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Informative Speech Final Draft, March 10, 2011
1. Mariah Singerman
2. The Truth about Dispersants
3. To inform
4. As a result of my presentation, my audience will be able to describe the effects of dispersants.
[coverslide][pp: toxic slide] The same dispersant that was heavily used in the oil spill was deemed so toxic that the UK’s Marine Management Organization completely banned it from use in British waters. Yet more than a million gallons of dispersant was applied to surface oil, with more than 700,000 gallons put underwater in the Gulf. If it’s not safe for British waters, why is it safe for the Gulf of Mexico? As we all know, the oil that gushed into our ocean is toxic and harmful to plants, animals, and humans. Chemical dispersants are also very toxic. [pp: lifestyle slide] Since we live along the Gulf Coast, eat the seafood, and swim in the ocean, we all need to know the truth about dispersants. As an avid beachgoer in the summertime, I want to know what the water that I’m swimming in is safe for my body and for the creatures that live in it. Today you will learn what dispersants are, their benefits, and their effects on the environment.
[pp: dispersant jug] Dispersants are chemicals designed to be sprayed onto oil slicks to accelerate the process of natural dispersion. When used appropriately, dispersants can be an effective method of response to an oil spill. They are capable of rapidly removing large amounts of certain oil types from the sea surface by transferring it into the water column.
A. What it is
Dispersants are full of chemical compounds, and have two main components: a surfactant and a solvent. Surfactants molecules are made up of two parts: an oleophilic part that is attracted to oil and a hydrophilic, a part that is attracted to water.
B. How it works
According to Jeff Goodell, author of “The Poisoning,” Chemical dispersants work similarly to dishwashing detergent, causing oil to break up into smaller droplets and move it from the ocean’s surface down to the waters below. In theory, these smaller droplets make it easier for bacteria and other natural processes to digest the oil. Dispersants are designed to break up surface oil slicks, dilute surface oil and transfer it to the water column, and prevent tar balls from forming.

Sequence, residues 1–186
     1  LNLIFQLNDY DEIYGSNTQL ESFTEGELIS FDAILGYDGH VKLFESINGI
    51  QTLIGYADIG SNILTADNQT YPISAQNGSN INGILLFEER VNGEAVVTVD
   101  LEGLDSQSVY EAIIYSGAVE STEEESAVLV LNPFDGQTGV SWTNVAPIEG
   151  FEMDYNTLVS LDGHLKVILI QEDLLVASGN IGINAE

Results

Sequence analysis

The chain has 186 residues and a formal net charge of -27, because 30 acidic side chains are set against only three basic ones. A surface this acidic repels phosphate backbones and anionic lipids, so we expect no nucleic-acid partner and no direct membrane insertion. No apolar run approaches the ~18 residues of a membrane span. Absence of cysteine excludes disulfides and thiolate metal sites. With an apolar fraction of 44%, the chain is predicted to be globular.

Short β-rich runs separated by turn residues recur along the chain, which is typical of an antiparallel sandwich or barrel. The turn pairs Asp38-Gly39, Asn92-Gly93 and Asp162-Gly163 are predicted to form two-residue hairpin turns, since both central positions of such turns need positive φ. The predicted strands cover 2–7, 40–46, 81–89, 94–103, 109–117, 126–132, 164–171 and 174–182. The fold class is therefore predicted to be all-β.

C. Dispersants in action
[pp: dispersant diagram] When dispersants are sprayed onto an oil slick, the solvent will dissolve and distribute the surfactants through the oil slick to the surface where oil and water meet, where they arrange themselves so that the oleophilic part of the molecule is in the oil and the hydrophilic part is in the water. This causes the oil and water surface to break apart, and small oil droplets will break away from the oil slick with the help of wave movement. If dispersion is successful, a characteristic brown plume of oil will spread slowly down from the water surface.
There were direct benefits of dispersant usage.
Dispersants were used for several reasons. While there were some logical and practical reasons to use dispersants, there were also hidden reasons that people may not know about.
[pp: practical reasons] A. Practical Reasons
Dispersants were used in the Gulf Coast oil spill because they are fast-working, use less manual labor, and are inexpensive. It only takes a few minutes for the oil to start breaking up and sinking after the dispersant is applied. The EPA claims that dispersants are generally less harmful than the highly toxic oil leaking from the source and biodegrade in a much shorter time span. With all toxic damage aside, dispersants were the best way to break up the heavy, sludgy oil. Dispersants are also easily applied. Specially equipped aircraft and boats can spray dispersant on oil slicks quickly and efficiently.
But there were also insidious reasons for dispersant usage.
[pp: other reasons] B. Other Reasons
Because the use of dispersants was pre-approved in BP’s response plan, there was little oversight provided by federal health or safety agencies. Despite professionals knowing much of the damage dispersants could cause, they were used heavily. BP gave a total of $25 million to Louisiana State University, the Florida Institute of Oceanography and the Northern Gulf Institute to create a base-line study for future studies on dispersant. Then former head of BP, Tony Hayward said "It is vitally important that research start immediately into the oil and dispersant's impact, and that the findings are shared fully and openly. We support the independence of these institutions and projects, and hope that the funding will have a significant positive effect on scientists' understanding of the impact of the spill.” Intense research began after the damage was done. Chemical dispersants also helped BP by effectively covering up the spill. Once the oil was not immediately visible, people started calming down. PR stands for public relations, a field concerned with the public image of companies. In an interview for Rolling Stone, Rick Steiner, a marine scientist who helped cleanup efforts in the Exxon Valdez oil spill, says “It’s about PR. It’s about keeping the oil out of sight, and out of the public mind, so fewer people really understand what is happening and get outraged by it.” When the oil was taken off the surface of the water, it looked like no oil spill had ever happened. But all the oil was still there, just in smaller form and underwater.
While there were some benefits to dispersant usage the overall negative effects are greater.
III. Negative Effects